Thursday, March 12, 2009

Crochet vs. Knitting

Lately there has been talk on Crochet Partners about the attitude that some knitters have toward crocheters. I wonder where this started and why? Some say it started way back when the well-to-do ladies knitted with fine yarns, while their maids had to crochet to make extra money.

And why is it that some knitters who only know how to knit snub their noses when they see someone crocheting? Those of us who crochet certainly don't feel the same when seeing someone knitting! Could it be that the knitters who only know how to knit are jealous because they don't know how to crochet?

Crochet and knitting both require the use of yarn or thread, so I don't know why after all these years there is still a look of horror on some knitters' faces when they find out you're a crocheter!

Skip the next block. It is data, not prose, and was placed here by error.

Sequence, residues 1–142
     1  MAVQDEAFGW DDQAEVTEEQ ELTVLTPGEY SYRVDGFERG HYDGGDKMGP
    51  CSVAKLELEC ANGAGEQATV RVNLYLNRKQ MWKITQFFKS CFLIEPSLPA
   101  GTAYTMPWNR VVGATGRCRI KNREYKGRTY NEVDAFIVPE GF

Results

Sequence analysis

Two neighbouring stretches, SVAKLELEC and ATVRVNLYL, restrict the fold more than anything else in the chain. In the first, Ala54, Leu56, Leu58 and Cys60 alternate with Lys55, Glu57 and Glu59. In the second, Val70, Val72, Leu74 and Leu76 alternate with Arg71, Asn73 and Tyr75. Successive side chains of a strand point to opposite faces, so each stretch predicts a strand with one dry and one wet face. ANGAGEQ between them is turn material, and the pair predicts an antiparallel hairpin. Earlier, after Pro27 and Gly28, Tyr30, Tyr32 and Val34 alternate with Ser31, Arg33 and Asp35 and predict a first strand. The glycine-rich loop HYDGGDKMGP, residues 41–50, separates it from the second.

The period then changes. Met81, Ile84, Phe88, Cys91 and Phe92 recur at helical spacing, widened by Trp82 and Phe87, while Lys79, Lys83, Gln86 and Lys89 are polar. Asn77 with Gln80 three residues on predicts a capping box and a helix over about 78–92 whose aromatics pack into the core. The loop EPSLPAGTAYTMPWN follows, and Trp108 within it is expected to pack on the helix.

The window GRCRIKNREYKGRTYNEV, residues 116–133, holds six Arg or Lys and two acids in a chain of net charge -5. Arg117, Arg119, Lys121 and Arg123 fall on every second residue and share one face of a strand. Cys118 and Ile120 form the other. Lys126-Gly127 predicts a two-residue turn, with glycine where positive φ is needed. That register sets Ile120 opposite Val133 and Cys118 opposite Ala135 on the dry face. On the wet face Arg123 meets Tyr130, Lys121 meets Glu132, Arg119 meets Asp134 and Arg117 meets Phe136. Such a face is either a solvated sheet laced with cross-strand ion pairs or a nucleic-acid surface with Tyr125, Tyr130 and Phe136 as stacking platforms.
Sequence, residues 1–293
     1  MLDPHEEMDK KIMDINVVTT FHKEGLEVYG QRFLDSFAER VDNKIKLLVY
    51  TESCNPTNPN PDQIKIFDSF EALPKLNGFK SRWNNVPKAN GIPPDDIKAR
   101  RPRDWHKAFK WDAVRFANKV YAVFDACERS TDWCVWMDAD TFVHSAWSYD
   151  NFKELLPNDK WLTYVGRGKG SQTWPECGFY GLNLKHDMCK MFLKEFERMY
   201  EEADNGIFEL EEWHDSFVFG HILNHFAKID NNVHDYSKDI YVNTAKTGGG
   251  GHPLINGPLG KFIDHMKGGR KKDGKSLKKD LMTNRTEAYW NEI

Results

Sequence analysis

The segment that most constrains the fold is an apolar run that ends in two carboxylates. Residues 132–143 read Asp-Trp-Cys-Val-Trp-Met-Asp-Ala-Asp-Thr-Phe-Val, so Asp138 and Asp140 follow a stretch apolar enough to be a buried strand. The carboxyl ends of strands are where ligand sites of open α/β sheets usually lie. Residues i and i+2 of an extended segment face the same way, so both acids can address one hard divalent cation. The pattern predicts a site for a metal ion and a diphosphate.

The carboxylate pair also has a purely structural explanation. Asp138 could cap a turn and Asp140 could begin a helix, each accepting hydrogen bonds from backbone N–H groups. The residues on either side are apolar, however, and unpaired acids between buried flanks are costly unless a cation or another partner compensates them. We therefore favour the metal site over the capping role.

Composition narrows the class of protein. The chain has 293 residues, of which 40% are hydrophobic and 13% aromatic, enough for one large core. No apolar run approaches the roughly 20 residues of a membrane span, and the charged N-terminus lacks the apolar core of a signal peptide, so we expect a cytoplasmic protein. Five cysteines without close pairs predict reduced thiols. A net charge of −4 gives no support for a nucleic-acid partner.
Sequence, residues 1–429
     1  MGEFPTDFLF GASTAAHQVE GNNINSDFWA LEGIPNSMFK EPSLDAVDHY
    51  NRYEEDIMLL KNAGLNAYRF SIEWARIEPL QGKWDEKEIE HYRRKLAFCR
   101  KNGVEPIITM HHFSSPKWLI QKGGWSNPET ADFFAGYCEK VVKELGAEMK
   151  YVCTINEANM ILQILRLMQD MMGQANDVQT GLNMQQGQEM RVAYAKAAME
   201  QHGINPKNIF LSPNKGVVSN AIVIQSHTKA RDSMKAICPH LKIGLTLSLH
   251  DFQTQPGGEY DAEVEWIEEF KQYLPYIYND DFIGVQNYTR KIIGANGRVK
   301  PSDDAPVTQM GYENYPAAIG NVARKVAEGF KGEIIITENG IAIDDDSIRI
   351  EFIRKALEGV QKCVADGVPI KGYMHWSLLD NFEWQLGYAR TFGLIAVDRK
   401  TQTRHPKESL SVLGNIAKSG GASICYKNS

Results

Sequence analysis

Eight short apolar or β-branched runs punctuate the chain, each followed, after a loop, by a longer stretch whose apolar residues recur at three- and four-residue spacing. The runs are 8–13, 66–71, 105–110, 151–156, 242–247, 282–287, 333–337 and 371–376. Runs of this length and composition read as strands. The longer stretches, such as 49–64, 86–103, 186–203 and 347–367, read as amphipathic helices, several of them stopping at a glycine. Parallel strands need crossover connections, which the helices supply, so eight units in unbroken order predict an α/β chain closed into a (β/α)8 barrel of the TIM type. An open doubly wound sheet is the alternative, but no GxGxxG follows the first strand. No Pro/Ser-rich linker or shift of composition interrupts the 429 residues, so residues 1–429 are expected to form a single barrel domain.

Even some yarn shop owners refuse to sell to crocheter. The shop owner is losing out on sales by not selling yarn to ANYONE who wants to buy it, no matter what you're going to do with it.
I can imagine someone going into a yarn shop and buying a lovely yarn with the intention of using it for staking tomatoes because it would "look pretty" in the garden. that's an idea on what to do with your oddball skeins of fun fur! Use it to stake your tomato plants!

Since I both knit AND crochet, I can go to any yarn shop and buy yarn and not feel like an idiot when I see all the ladies there with knitting needles. I can knit with the best of them.